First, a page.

A Different Kind of Donor: Two Lives Saved, None Lost


My sister didn't want me to be in harm's way, but I didn't want her to have to wait. I wanted to help her.

-Christine Webb, living donor, Stanford Hospital & Clinics liver transplant program

Every step of liver transplant has been developed at Stanford to be protective of the donor and recipient. That includes post-transplant care. Lattin sees her Stanford care team for regular check-ups.

Judith Lattin's life had become a very dark landscape. What she thought was a simple case of stress-induced intestinal trouble in her 20s had been the beginning of the end of her liver.

I saved my sister but I also saved the person who will now get the deceased donor liver she won't need.

-Christine Webb, living donor, Stanford Hospital & Clinics liver transplant program

Daily walks in her neighborhood are now a way of life for Lattin. "I have just so much more of a joy for life. I waited nine years for a transplant and I didn't realize just how much I had declined."


• One increase in diagnosis that has disturbed hepatologists is fatty liver disease. As rates of obesity have risen, so has that illness. Maintaining a healthy weight and getting regular exercise are two of the first recommendations for protecting your liver.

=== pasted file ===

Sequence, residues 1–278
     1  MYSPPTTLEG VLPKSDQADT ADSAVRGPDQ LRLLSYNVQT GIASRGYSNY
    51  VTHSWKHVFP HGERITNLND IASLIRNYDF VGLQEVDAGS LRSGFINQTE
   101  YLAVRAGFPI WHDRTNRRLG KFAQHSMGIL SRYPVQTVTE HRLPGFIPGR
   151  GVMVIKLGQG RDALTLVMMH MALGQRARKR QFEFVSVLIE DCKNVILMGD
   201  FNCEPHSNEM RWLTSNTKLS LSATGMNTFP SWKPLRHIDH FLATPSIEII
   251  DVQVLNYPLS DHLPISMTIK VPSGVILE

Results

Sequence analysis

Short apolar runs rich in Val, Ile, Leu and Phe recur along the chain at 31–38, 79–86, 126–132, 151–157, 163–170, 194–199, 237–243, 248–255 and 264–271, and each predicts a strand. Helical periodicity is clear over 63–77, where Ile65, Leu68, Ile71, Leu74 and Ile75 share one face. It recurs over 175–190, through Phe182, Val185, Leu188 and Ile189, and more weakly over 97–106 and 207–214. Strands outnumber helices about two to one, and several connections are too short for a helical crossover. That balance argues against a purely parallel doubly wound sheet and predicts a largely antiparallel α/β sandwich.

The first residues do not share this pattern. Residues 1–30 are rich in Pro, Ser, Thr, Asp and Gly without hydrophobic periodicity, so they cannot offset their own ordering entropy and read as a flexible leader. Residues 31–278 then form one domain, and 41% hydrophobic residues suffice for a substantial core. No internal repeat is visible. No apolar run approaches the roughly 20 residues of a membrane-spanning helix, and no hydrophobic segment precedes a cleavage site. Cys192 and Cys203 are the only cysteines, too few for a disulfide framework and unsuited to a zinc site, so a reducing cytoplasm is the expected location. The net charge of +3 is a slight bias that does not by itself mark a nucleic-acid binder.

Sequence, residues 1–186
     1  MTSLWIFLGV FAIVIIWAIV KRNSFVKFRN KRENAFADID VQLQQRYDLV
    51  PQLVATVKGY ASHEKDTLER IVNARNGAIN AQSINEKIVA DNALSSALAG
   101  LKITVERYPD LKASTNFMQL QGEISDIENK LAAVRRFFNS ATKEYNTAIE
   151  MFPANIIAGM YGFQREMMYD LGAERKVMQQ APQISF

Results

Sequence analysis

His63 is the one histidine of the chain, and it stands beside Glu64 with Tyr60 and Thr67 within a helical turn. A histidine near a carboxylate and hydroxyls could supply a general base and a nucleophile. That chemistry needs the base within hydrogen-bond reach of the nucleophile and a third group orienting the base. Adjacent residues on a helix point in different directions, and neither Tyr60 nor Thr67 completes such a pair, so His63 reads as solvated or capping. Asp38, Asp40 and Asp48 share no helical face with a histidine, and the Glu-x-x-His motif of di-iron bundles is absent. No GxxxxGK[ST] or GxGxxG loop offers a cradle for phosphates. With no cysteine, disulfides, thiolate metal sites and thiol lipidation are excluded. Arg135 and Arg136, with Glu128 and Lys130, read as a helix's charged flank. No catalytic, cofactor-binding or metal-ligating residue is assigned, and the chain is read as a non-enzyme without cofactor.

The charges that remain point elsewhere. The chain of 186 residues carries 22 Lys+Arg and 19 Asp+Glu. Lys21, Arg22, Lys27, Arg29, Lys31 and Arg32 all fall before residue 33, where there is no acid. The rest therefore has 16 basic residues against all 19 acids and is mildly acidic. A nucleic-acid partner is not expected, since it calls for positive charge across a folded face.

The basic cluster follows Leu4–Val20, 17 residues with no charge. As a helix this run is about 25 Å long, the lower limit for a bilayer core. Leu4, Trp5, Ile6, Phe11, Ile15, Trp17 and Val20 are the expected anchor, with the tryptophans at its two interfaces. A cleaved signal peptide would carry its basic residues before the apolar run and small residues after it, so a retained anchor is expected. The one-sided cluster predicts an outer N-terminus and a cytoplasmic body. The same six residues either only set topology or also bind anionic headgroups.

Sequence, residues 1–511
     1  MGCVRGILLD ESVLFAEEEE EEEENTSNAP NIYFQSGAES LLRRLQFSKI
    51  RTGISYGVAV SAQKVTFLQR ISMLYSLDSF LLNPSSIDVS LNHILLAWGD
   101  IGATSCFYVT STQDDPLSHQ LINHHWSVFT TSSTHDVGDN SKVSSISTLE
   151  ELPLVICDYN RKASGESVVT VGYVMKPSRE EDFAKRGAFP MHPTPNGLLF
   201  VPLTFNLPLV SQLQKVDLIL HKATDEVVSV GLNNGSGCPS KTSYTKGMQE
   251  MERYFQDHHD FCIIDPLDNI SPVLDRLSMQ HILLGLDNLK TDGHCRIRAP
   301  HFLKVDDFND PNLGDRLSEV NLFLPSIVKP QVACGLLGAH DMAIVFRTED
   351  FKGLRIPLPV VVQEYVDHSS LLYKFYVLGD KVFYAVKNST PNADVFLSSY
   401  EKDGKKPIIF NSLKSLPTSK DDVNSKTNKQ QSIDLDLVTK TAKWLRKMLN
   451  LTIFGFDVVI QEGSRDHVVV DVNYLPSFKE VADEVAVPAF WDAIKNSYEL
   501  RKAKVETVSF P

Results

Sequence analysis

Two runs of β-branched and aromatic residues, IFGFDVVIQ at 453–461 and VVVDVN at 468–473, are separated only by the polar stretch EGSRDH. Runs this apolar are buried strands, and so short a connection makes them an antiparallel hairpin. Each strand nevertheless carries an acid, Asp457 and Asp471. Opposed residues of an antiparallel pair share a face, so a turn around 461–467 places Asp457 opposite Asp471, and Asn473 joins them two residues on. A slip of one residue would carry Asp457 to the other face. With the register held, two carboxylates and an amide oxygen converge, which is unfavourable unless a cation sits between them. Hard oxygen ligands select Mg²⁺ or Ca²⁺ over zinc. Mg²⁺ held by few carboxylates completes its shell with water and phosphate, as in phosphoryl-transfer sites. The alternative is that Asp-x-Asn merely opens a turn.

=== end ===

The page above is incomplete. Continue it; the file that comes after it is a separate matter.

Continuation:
• Avoid heavy alcohol consumption.

• Certain over-the-counter medications, taken in large doses, can stress the liver. Talk to your physician about how to be safe.

• Get vaccinated for Hepatitis A and B. Hepatitis can cause serious and permanent liver damage.

• Include plenty of fruits and vegetables in your diet and keep high-fat foods to a minimum.

• Ask your doctor about a liver function evaluation. Based on your health history, it might be appropriate.

When to See Your Doctor

• Fatigue, skin irritation, nausea and abdominal pain

• Darkened urine

• Increase in abdominal girth

• Yellowing skin and eyes

For more information about live liver transplant program at Stanford, please call 650-498-7878 or visit stanfordhospital.org/livertransplant.

About Stanford Health Care

Stanford Health Care seeks to heal humanity through science and compassion, one patient at a time, through its commitment to care, educate and discover. Stanford Health Care delivers clinical innovation across its inpatient services, specialty health centers, physician offices, virtual care offerings and health plan programs.

Stanford Health Care is part of Stanford Medicine, a leading academic health system that includes the Stanford University School of Medicine, Stanford Health Care, and Stanford Children’s Health, with Lucile Packard Children's Hospital. Stanford Medicine is renowned for breakthroughs in treating cancer, heart disease, brain disorders and surgical and medical conditions. For more information, visit: www.stanfordhealthcare.org.